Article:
Branding can be almost anything. And everything.

Understanding Branding

For a long time, Branding was considered to be just the logo and/or the name. Need a new brand? Slap a new logo/name on it and somehow it becomes a totally different, “new and improved” whatever.

But that’s a pretty narrow view of branding. Depending on who you talk to, branding can be almost anything. And everything. Google it, and you’ll find as many definitions and variations on the word as you care to click: brand experience, brand promise, brand value, brand personality, brand monopoly, brand equity, brand image, brand recognition, brand franchise, brand development, etc., etc.

As a credit union marketer, you are probably the one charged with the task of managing your CU’s branding. But with all of these terms being thrown around, how do you know what is more important and what to focus on?

Try to think of Branding as the main category, with five sub-categories that you need to zero in on:

1. A logo and name is only one part of your brand. Combine those elements with the use of fonts, color schemes, symbols, and even sounds, and you have your Brand Identity. These are all the unique components that are recognizable to the general public, that differentiate you from your competitors. Brand Identity is also sometimes used to represent how the brand owner wants the brand to be perceived. (Note: Add human character traits in order to help differentiate, and you have Brand Personality a component of, or option to, Brand Identity.) You have control over these elements.

2. The psychological connections of information and expectations that people make when thinking about your CU forms your Brand Image. Think of this as your reputation, and be aware that it may be different between members and non-members. Often the biggest challenge for Marketing is the gap between Brand Identity and Brand Image; how you want your brand to be seen vs. how it is actually perceived. You have no direct control over this, but you can manage the other points listed here, thereby influencing the Brand Image.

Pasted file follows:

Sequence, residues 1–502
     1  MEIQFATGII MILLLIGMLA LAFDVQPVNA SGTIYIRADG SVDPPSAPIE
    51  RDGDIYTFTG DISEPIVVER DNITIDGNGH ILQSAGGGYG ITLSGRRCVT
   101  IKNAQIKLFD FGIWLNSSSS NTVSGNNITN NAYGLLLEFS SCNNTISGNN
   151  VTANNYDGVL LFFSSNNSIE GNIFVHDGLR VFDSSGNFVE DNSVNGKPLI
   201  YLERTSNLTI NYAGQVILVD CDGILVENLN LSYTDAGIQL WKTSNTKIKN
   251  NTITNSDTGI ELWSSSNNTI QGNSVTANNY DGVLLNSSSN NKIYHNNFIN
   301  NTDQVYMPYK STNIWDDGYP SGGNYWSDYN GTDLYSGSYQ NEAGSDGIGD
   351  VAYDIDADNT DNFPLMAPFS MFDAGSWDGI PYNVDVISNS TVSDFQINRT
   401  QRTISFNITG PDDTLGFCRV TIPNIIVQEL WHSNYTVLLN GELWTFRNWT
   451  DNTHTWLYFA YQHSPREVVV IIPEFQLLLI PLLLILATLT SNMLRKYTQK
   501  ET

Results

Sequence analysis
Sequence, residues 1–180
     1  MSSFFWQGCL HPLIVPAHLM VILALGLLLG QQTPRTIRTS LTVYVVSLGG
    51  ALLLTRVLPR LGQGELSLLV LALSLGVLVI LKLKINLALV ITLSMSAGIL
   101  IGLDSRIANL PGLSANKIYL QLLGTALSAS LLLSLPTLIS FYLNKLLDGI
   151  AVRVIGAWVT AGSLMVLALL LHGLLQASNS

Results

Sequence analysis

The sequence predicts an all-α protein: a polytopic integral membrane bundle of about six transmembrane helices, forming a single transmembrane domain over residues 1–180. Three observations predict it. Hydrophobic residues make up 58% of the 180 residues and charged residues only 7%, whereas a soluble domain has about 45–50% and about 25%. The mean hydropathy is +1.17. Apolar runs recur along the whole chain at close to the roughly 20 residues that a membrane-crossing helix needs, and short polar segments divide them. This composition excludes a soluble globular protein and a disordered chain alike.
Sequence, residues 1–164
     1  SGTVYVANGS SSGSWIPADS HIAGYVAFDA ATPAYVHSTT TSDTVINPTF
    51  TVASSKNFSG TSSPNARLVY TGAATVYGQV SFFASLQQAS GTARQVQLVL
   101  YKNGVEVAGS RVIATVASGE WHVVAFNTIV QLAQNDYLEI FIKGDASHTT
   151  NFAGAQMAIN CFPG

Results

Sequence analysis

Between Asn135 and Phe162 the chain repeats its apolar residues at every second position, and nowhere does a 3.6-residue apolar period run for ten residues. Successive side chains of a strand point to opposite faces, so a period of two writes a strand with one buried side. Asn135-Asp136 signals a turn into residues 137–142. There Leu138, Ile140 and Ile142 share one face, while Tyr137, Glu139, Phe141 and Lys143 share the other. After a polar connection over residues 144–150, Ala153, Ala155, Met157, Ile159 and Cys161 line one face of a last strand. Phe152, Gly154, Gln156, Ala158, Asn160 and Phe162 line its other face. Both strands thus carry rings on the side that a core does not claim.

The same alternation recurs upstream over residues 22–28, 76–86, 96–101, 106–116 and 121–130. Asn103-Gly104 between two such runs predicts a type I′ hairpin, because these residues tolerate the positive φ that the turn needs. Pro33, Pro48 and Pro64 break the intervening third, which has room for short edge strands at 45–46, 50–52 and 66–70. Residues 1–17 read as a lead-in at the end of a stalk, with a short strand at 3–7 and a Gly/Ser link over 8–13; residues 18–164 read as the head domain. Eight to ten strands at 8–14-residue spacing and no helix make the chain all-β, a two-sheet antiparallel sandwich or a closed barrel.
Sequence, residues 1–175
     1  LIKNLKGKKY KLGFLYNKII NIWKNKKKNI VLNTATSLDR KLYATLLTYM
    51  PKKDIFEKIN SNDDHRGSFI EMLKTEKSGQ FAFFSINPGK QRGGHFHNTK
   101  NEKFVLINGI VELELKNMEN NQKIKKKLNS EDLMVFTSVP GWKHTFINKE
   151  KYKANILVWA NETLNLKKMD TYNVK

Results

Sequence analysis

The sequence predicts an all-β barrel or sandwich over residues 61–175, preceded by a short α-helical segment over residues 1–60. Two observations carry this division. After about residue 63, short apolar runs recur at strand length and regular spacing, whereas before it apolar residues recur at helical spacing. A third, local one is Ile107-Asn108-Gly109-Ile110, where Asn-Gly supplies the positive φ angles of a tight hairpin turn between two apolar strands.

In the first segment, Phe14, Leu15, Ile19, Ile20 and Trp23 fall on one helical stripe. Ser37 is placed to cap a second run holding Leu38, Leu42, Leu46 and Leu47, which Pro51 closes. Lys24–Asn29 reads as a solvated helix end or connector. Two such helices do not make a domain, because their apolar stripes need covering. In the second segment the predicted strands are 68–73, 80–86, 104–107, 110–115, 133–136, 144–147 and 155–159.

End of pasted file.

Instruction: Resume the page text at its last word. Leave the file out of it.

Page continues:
3. Every point of contact, experience and interaction with your credit union is the Brand Experience. This relationship with your member is what truly defines your brand. Great experiences can produce advocates. Not-so-great experiences can create complainers, who are often more prolific in spreading the word. This is where the entire CU staff works for Marketing, so be a good leader.

4. Setting expectations from any interaction with the brand is the Brand Promise. These are sometimes condensed into a tag line, and sometimes listed out in a type of mission statement on values and beliefs. And of course the content of your marketing will communicate, shape, reflect, and refine the Brand Promise on an ongoing basis.

5. Brand Loyalty is the commitment your members have to your CU, usually demonstrated more by use of multiple services than by length of membership, and which becomes even more obvious when they become CU “evangelists,” spreading the word to non-members. This may be the ultimate goal of brand marketing.

Kent Dicken

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